The first of the new T-Levels are due to go live in 2020, covering digital, construction, together with childcare and education. 8 further subject “routes” are due to follow in 2022. Designed specifically to raise the prestige for technical qualifications, they are positioned as being at the same level as A-Levels.
Originally announced in the budget last October, a spokesperson for the Department of Education said that the new T-Levels are intended to provide young people with a high-quality technical education which will be equal in stature to A-Levels. The DoE indicates that the educational system is on-track to commence teaching from September 2020.
Concerns, however, have been raised about the speed of the introduction of the new qualification. Sir Gerry Berragan, Chief Executive of the Institute for Apprenticeships, at the Ofqual conference for vocational education establishments in Birmingham has highlighted the need to understand what T-levels are, and how they fit into the technical education landscape.
The Department for Education admitted that it was an ambitious target to have the new qualifications in place by 2020, however, it remains confident that this can be accomplished in time. It is working closely with Ofqual and the IFA to make sure that the requisite changes are implemented.
The Government has also launched a T-Level consultation, which has highlighted a number of concerns regarding plans for the single awarding body and the ability of the Further Education sector to cope with the reforms. Further work is still to be completed to finalise the plans. However, employers have been assured that the new qualifications will make a positive difference to the sector.
It is claimed that there are a number of benefits with the new qualifications, replacing over 13,000 individual qualifications with just 15 and increasing the number of training hours in each qualification by around 50 percent.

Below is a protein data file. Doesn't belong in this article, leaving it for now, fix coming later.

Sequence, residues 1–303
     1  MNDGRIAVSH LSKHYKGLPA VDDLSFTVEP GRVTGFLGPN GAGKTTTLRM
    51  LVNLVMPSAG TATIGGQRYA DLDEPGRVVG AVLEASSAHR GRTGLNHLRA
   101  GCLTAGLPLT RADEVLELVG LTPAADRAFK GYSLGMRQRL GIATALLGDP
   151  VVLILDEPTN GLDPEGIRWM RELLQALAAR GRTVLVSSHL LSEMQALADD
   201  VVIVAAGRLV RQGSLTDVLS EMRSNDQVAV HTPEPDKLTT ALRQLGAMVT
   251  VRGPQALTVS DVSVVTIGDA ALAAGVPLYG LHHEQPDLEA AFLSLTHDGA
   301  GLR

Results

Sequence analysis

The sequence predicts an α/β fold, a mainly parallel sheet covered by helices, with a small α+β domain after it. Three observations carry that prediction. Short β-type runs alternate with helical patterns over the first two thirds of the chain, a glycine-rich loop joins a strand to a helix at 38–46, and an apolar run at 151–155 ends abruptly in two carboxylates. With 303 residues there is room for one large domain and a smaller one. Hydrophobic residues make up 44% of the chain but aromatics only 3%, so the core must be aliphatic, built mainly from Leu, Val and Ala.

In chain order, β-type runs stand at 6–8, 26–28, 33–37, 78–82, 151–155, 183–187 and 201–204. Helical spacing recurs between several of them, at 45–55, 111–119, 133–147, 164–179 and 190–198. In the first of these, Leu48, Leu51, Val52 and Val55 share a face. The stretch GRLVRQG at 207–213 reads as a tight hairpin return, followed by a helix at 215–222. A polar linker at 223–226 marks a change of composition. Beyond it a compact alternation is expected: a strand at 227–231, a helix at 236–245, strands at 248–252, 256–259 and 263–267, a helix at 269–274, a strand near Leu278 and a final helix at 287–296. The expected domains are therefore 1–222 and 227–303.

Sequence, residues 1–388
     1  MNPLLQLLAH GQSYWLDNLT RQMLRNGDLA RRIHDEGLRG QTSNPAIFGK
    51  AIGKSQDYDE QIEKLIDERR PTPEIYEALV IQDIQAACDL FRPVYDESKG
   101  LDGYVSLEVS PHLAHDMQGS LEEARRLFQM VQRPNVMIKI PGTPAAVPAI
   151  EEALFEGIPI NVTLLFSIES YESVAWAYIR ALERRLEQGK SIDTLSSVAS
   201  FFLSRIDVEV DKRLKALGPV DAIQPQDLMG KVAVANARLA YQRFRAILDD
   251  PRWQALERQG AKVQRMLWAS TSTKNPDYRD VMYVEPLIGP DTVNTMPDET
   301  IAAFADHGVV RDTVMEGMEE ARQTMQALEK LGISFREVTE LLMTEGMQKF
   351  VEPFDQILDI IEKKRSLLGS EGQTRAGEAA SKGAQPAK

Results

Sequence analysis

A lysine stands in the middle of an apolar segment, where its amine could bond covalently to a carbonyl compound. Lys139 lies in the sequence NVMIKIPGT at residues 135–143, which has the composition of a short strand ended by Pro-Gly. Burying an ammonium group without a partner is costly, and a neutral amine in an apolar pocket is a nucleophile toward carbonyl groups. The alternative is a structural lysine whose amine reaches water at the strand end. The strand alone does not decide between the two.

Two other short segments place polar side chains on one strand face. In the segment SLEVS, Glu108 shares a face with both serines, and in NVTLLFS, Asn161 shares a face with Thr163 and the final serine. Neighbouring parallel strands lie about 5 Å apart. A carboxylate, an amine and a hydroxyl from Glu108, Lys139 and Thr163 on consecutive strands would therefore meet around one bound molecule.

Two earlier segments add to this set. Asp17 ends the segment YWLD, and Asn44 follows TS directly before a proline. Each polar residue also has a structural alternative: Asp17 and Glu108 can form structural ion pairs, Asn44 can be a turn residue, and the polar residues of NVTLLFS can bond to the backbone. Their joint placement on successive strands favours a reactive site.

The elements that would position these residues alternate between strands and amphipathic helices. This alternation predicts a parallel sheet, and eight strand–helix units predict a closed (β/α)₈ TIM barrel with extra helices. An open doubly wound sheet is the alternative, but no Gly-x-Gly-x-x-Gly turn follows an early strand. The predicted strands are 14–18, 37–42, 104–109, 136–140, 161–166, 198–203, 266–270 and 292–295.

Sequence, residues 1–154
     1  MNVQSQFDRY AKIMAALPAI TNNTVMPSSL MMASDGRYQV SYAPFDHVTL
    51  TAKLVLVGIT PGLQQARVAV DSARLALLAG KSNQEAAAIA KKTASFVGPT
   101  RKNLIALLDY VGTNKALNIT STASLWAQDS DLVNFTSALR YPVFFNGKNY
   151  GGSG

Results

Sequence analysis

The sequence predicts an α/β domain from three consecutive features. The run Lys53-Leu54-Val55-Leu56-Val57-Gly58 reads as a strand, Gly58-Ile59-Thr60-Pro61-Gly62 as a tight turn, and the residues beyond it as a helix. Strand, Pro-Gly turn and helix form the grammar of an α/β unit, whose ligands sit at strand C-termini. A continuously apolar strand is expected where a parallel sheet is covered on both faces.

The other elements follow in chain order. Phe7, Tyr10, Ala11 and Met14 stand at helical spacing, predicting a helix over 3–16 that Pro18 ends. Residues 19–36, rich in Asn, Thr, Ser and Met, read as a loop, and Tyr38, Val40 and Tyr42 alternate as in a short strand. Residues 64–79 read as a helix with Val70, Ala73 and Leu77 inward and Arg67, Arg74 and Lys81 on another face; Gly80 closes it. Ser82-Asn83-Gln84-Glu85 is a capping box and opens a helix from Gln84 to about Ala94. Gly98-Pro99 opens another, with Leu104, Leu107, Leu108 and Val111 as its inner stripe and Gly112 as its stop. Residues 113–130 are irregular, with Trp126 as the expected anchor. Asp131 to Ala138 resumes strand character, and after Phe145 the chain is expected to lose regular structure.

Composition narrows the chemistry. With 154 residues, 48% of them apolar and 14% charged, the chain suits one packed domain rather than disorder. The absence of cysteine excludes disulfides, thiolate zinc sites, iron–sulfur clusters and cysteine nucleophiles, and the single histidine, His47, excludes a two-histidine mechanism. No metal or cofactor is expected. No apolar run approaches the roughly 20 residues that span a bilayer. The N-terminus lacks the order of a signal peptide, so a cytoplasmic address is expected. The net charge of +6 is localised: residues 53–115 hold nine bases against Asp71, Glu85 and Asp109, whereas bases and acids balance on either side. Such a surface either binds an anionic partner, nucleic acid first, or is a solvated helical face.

This should certainly help employers to understand and to be able to compare, the qualifications of applicants. Many employers have stated in the past the difficulty of understanding how to compare the variety of different qualifications. This has made it difficult to determine which applicants are more highly qualified than others. It has been described as a ‘minefield’, requiring an understanding of NVQ, BTEC and OCR to name but a few.
It will, of course, take time for the new qualifications to be completed and for the new wave of prospective employees to come out at the other end of the curriculum. It remains to be seen whether employers will regard the qualifications as hitting the mark. Certainly for prospective managerial and senior staff recruitment, having qualifications specifically for the right sector and with the equivalent level of A-Levels seems to be a move in the right direction.
Ross Clifford & Associates are specialist recruiters for the Tech industry. If your organisation is facing hiring challenges in the tech sector and needs assistance with understanding current and planned qualifications, please don’t hesitate to contact us.
Central London, £45k + Excellent Ben's
Central London, £40k + Yr 1 OTE = £76k (uncapped)
Bracknell + Central London + Remote + International Travel., £120k + Yr 1 ote = £240k
New York, US., $90k (DOE) + OTE = Yr1 $150k
Central London, FT, £100K DOE + Ben's
Central London, £60k + £40k comm's = Yr 1 £100k